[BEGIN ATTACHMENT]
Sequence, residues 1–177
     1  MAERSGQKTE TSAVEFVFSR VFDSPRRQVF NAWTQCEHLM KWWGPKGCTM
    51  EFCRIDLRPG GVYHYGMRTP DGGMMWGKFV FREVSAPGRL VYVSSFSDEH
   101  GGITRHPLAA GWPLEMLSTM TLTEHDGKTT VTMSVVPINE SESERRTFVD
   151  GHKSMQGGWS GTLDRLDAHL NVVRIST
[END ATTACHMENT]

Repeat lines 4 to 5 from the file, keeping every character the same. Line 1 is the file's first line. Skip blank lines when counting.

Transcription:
   101  GGITRHPLAA GWPLEMLSTM TLTEHDGKTT VTMSVVPINE SESERRTFVD
   151  GHKSMQGGWS GTLDRLDAHL NVVRIST